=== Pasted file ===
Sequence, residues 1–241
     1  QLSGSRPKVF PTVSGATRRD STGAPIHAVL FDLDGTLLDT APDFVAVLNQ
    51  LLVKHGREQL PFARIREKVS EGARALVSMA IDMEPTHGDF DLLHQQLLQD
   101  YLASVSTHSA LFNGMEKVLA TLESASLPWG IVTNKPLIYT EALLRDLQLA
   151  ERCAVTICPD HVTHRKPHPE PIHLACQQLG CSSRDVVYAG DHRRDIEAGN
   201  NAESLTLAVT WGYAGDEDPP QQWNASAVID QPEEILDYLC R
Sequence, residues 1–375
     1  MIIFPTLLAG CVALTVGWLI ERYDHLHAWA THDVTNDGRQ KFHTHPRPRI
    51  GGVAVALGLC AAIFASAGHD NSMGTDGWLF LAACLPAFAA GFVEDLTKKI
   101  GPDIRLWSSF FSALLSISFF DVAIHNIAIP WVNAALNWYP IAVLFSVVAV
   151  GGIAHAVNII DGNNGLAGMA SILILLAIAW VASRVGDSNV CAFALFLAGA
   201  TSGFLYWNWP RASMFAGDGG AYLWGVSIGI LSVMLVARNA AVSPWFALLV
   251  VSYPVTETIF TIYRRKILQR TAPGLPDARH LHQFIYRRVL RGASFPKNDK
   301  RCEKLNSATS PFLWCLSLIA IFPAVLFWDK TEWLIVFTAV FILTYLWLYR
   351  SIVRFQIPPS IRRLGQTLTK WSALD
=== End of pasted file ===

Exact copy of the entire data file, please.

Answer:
Sequence, residues 1–241
     1  QLSGSRPKVF PTVSGATRRD STGAPIHAVL FDLDGTLLDT APDFVAVLNQ
    51  LLVKHGREQL PFARIREKVS EGARALVSMA IDMEPTHGDF DLLHQQLLQD
   101  YLASVSTHSA LFNGMEKVLA TLESASLPWG IVTNKPLIYT EALLRDLQLA
   151  ERCAVTICPD HVTHRKPHPE PIHLACQQLG CSSRDVVYAG DHRRDIEAGN
   201  NAESLTLAVT WGYAGDEDPP QQWNASAVID QPEEILDYLC R
Sequence, residues 1–375
     1  MIIFPTLLAG CVALTVGWLI ERYDHLHAWA THDVTNDGRQ KFHTHPRPRI
    51  GGVAVALGLC AAIFASAGHD NSMGTDGWLF LAACLPAFAA GFVEDLTKKI
   101  GPDIRLWSSF FSALLSISFF DVAIHNIAIP WVNAALNWYP IAVLFSVVAV
   151  GGIAHAVNII DGNNGLAGMA SILILLAIAW VASRVGDSNV CAFALFLAGA
   201  TSGFLYWNWP RASMFAGDGG AYLWGVSIGI LSVMLVARNA AVSPWFALLV
   251  VSYPVTETIF TIYRRKILQR TAPGLPDARH LHQFIYRRVL RGASFPKNDK
   301  RCEKLNSATS PFLWCLSLIA IFPAVLFWDK TEWLIVFTAV FILTYLWLYR
   351  SIVRFQIPPS IRRLGQTLTK WSALD